New York Old Master sales deliver tepid results at Christie’s and Sotheby’s

Nardo di Cione, Madonna Annunciate; Archangel Gabriel (14th c.)
Courtesy of Sotheby’s

Scattered seven-figure highlights failed to make up for dozens of passed lots and multiple key withdrawals

The premier auctions among Christie’s and Sotheby’s winter sales of Old Master works in New York this week did little to counter concerns about the deteriorating market for the classics.

Christie’s Old Masters Part One sale, staged on Wednesday (31 January), limped to $10.9m ($13.8m with fees) against pre-sale expectations of $18m to $27.2m. (All pre-sale estimates exclude fees.) The equivalent sale in 2023 made $44.2 million with fees, about triple the premium-inclusive total realised in this year’s auction.

Six of the 78 works were withdrawn before the action began at Christie’s, including Niccolo di Pietro Gerini’s multi-panel Scenes from the Passion of Christ, which carried an estimate of $1.2m to $1.8m. Of the 72 lots that crossed the block, 30 were bought in, making the sell-through rate an unsettling 58%.

Early results hinted at the market’s softness. The fourth and fifth lots, both oil-on-panel views of sea-faring vessels by Adriaen Cornelisz van Salm, sold to the same anonymous telephone buyer for $130,000 ($163,800 with fees) and $110,000 ($138,600 with fees) against identical estimate ranges of $120,000 to $180,000 each.

Lucas Cranach the Elder, Henry IV the Devout, Duke of Saxony, Margrave of Meissen
Courtesy of Christie’s Images Ltd.

Bigger names also set sail to modest results, including Lucas Cranach the Elder’s bearded, armor-clad and sword-bearing portrait Henry IV the Devout, Duke of Saxony, Margrave of Meissen. The painting went to another telephone bidder for $280,000 ($352,800 with fees), just above its $250,000 low expectation. Sir Peter Paul Rubens’s richly detailed Head study of an old woman with a veil, formerly identified as Maria Pypelinckx, the artist’s mother, looking down in profile to the left, dating from the mid-1620s, sold to an anonymous online bidder for a within-estimate $450,000 ($567,000 with fees).

The same online bidder (wielding paddle number 3040) remained active throughout the sale, nabbing at least four other works. The spree included Guido Reni’s violet-robed The Penitent Magdalene, which hammered at its $80,000 low estimate ($100,800 with fees), and Jean-Honoré Fragonard’s somewhat racy La Gimblette (The Ring Biscuit),featuring a semi-nude young woman playing footsie with her poodle in a rumpled bed. The latter realised a within-estimate $600,000 ($756,000 with fees).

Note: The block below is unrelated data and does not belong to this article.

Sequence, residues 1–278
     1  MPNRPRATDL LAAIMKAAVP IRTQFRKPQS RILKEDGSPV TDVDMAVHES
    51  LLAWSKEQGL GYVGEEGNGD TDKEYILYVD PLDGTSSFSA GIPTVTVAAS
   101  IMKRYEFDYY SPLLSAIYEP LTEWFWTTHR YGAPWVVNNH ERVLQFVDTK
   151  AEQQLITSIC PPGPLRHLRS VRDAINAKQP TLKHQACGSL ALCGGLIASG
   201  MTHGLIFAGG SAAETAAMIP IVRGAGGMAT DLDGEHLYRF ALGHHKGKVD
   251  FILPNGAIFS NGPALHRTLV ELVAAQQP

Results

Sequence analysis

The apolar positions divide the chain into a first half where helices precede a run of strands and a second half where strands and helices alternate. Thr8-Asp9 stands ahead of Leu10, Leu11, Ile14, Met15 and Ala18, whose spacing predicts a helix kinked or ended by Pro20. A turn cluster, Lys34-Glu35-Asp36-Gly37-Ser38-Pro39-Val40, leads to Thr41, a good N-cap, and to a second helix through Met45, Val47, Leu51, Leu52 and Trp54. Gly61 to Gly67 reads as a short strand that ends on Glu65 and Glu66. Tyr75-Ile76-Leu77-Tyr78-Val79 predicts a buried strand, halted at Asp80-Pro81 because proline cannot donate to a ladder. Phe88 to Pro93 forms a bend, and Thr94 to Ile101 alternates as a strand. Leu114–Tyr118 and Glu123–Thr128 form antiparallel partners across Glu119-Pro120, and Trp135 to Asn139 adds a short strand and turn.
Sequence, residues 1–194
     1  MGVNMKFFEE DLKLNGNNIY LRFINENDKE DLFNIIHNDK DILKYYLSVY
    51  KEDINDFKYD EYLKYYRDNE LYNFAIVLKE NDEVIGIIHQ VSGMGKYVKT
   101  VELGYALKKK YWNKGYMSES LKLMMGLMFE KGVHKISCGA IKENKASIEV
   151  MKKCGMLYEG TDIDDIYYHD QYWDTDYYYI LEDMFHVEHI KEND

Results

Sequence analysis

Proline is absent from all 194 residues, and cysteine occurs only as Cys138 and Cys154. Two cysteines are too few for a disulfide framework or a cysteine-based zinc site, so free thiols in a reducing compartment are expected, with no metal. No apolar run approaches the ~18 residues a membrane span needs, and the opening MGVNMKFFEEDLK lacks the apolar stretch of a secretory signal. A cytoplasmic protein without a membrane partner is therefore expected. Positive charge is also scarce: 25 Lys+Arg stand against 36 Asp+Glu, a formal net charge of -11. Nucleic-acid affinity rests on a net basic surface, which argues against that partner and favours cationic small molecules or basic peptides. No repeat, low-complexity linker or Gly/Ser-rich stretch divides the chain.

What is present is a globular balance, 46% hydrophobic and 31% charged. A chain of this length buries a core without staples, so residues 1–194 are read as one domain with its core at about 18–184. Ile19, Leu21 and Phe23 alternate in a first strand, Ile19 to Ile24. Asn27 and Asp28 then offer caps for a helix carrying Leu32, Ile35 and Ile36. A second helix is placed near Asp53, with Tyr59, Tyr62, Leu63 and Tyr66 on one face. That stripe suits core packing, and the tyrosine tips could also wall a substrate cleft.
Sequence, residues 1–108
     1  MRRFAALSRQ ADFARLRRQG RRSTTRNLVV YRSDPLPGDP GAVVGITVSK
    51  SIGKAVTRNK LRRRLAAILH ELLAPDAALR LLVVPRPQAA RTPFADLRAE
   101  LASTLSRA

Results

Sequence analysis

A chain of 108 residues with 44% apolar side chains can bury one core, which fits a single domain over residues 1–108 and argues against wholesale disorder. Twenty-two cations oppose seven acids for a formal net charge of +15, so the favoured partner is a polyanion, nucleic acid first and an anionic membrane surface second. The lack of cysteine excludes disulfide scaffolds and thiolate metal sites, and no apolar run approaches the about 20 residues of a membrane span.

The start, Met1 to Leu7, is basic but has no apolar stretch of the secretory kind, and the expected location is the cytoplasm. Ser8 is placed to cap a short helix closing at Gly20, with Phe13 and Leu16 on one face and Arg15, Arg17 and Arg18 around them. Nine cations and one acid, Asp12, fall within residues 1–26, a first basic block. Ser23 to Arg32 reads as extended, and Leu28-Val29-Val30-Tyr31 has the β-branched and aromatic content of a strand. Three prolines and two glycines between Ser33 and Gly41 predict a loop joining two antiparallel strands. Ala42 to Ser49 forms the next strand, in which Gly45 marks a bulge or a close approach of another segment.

That online competitor sprinkled a bit of spice onto what was otherwise a rather ho-hum sale.

‘An adjustment of expectations’

“It’s the usual story,” said the London and New York dealer Edmondo di Robilant of Robilant + Voena. His reaction to the relatively high number of buy-ins was that “the estimates made them impossible to sell,” adding: “There must be an adjustment of expectations to where the market is.”

A different view came from the seasoned London dealer Johnny van Haeften, who bought Jacob Duck’s atmospheric An Ensign seated in a guardroom, with officers playing at cards and a woman smoking by a chimney (1655) for what seemed a bargain price of $100,000 ($126,000 with fees) against an estimate of $200,000 to $300,000.

“Actually,” said van Haeften, “I think it went really well for fairly nondescript pictures. The market is quite polarised now, there’s always competition for very good things and people are holding their fire for them.”

Artemisia Gentileschi, Saint John the Baptist in the Wilderness (17th c.)
Courtesy of Christie’s

Van Haeften also underbid Osias Beert’s A pewter plate of walnuts and hazelnuts, a glass of red wine and a butterfly on a table top, an oil-on-panel still life from around 1610 that went to a telephone bidder for $200,000 ($252,000 with fees). The painting was one of very few lots that hammered well above its high estimate—in this case, $150,000.

The sole work in the sale by a woman artist satisfied expectations that it would provoke competitive bidding. Artemisia Gentileschi’s 17th century Saint John the Baptist in the Wilderness, featuring the youthful saint bare-chested and partially draped in gold-hued robes, sold to an online bidder (paddle number 3840) for $780,000 ($982,800) with fees, nearly double the low estimate.

(Another lot by a woman painter, Anne Vallayer-Costa’s musical instrument still life, was withdrawn before the sale; it bore a target range of $500,000 to $700,000.)

Only one lot in the sale hammered above the $1m mark. A cassone front depicting The Story of Coriolanus, by Giovanni di Ser Giovanni Guidi (called Lo Scheggia), went for $1.25m ($1.6m with fees).

But the Bolognese painter Giulio Cesare Procaccini’s bloody Judith with the Head of Holofernes also came close, making $900,000 ($1.1m with fees). The painting last sold just one year ago, in the Fisch Davidson Collection auction at Sotheby’s in New York, where it made a hair over $1m with fees. Call it a premature re-entry.